We're Hoppin Mad. Are You Hoppin Mad.

From the Federal Register:

Hops (Humulus lupulus). Hops was petitioned for use as a non-organic
agricultural ingredient in or on processed products labeled as
‘‘organic.’’ Hops are a primary ingredient used in brewing beer. Several
varieties of hops are used in the manufacture of beer products. Although
the final brewing product is regulated by the Bureau of Alcohol, Tobacco &
Firearms, hops are processed and packaged according to FDA (21 CFR
110), Current Good Manufacturing Practice in Manufacturing, Packing or
Holding Human Food. As used for the brewing process, hops form varieties
include whole hops, hop pellets, hop powder pellets, modified hop powder
pellets or hops extract. Hops contribute unique flavors and aroma to brewing,
and may serve as a natural stabilizer.  While hops are grown in diverse
agricultural regions, hop varieties vary in flavor and aroma characteristics, and
are selected based upon the unique characteristics contributed to brewing.
Due to these unique characteristics that are contributed to a specific brewing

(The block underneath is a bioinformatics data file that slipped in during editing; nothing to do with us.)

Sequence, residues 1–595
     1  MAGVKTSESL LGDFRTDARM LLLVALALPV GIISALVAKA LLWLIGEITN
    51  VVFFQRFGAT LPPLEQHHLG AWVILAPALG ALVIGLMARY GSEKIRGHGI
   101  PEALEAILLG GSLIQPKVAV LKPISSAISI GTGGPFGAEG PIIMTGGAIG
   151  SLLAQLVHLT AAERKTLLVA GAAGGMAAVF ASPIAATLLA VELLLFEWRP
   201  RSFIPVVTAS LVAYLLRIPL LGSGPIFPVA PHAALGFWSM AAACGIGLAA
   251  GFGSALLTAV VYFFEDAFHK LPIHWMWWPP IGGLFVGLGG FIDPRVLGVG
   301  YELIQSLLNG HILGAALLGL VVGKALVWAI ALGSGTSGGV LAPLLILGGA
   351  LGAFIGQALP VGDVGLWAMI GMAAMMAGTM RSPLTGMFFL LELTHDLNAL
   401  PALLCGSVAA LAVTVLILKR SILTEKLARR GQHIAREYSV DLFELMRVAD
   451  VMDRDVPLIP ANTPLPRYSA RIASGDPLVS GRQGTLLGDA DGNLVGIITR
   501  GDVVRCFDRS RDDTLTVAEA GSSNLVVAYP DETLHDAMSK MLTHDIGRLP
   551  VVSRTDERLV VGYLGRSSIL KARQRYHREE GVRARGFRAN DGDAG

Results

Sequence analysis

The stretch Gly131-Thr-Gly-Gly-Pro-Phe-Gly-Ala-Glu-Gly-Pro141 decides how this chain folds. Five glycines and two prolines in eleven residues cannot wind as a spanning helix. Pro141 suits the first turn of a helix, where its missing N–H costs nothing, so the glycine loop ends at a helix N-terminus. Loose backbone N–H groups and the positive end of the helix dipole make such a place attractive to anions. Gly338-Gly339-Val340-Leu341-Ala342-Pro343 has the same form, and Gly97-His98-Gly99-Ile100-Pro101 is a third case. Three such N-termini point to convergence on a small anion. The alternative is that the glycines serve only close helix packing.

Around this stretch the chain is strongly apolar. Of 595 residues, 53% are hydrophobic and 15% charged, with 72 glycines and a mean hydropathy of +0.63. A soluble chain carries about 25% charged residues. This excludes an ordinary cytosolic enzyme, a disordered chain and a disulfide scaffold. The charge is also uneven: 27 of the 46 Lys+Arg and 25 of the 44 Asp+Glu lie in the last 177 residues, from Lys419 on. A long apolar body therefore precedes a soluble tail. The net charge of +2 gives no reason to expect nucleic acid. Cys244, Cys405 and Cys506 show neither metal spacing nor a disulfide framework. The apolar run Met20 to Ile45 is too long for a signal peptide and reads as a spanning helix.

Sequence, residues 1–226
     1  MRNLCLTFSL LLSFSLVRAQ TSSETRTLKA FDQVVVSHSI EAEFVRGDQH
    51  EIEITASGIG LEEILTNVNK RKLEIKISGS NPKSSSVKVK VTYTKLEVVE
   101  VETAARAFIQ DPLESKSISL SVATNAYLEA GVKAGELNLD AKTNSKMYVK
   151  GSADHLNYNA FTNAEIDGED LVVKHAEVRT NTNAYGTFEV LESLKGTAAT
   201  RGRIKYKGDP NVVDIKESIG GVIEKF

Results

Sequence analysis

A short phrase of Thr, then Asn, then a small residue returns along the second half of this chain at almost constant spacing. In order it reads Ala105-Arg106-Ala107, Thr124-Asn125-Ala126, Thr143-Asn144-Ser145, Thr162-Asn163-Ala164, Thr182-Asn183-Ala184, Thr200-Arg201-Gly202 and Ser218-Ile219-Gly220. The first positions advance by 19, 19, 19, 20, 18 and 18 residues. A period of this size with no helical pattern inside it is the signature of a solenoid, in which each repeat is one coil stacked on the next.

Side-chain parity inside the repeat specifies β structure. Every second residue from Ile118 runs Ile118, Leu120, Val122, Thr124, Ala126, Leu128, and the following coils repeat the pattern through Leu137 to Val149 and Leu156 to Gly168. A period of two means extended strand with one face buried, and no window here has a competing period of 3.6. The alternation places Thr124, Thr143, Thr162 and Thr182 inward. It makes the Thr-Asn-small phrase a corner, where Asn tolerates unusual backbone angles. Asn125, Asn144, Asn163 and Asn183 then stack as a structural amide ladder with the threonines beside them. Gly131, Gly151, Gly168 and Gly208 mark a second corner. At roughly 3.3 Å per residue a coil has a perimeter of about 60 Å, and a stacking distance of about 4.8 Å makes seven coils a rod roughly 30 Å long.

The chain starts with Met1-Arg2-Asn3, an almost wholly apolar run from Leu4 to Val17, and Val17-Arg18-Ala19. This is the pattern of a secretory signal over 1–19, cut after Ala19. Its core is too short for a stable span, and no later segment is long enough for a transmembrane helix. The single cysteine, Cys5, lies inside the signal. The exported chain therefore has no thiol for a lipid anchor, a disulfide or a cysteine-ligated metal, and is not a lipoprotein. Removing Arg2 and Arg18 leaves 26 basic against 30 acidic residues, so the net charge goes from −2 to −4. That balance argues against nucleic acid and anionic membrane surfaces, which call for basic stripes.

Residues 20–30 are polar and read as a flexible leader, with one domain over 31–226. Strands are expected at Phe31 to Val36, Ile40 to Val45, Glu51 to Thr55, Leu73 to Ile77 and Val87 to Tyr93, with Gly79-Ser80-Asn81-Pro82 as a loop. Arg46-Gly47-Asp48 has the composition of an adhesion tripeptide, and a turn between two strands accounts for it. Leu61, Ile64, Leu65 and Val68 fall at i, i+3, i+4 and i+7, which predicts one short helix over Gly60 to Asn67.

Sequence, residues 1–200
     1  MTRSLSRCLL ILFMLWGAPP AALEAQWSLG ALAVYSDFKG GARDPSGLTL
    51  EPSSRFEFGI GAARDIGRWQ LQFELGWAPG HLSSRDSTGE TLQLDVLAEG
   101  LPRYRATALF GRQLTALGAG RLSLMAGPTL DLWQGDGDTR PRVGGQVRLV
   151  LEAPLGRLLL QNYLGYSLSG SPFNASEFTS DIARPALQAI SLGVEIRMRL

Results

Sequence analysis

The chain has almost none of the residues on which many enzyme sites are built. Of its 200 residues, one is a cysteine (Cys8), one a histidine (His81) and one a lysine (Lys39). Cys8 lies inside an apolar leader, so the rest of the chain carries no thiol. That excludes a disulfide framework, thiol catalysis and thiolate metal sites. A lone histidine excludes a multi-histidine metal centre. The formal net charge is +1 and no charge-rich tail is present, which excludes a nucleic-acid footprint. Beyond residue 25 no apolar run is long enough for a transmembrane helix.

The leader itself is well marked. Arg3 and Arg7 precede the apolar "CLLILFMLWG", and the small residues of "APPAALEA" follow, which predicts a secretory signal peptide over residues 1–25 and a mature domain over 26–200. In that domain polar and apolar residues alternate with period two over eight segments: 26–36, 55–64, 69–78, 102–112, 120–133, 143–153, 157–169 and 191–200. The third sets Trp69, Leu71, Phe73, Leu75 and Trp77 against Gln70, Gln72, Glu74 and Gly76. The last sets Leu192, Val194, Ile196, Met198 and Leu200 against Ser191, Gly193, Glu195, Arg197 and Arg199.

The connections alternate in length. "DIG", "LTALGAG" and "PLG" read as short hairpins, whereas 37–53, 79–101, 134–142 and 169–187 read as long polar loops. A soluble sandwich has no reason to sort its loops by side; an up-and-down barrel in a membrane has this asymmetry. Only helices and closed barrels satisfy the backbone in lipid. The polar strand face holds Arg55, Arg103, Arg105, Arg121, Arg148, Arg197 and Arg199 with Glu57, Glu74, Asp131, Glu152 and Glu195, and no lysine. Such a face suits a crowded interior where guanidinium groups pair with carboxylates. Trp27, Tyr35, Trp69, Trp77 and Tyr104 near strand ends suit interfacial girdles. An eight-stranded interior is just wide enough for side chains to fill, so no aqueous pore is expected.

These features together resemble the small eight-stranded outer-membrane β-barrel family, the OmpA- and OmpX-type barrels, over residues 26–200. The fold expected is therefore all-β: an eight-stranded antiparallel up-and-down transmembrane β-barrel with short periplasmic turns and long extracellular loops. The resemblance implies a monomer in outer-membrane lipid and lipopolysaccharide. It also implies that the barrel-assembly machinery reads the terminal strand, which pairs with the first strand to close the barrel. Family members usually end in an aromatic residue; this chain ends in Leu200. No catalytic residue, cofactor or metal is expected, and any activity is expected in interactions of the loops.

process, brewers cannot interchange hop varieties should a selected variety
be commercially unavailable without significant changes in the final product.
At its March 27–29, 2007, meeting in Washington, DC, the NOSB
recommended adding hops to the National List for use in organic handling
as a non-organic agricultural ingredient where the organic form of hops is
considered commercially unavailable.  In this open meeting, the NOSB
evaluated hops against evaluation criteria established by 7 U.S.C. 6517 and
6518 of the OFPA and NOP criteria (72 FR 2167) on commercial availability,
received public comment, and concluded that hops is consistent with
OFPA evaluation criteria and NOP commercial availability criteria.
Therefore, in response to the NOSB recommendation regarding the use of
hops in organic handling, the Secretary proposes to amend § 205.606 of the
National List regulations to allow hops as a non-organically produced
agricultural product allowed as an ingredient in or on processed products
labeled as ‘‘organic.’’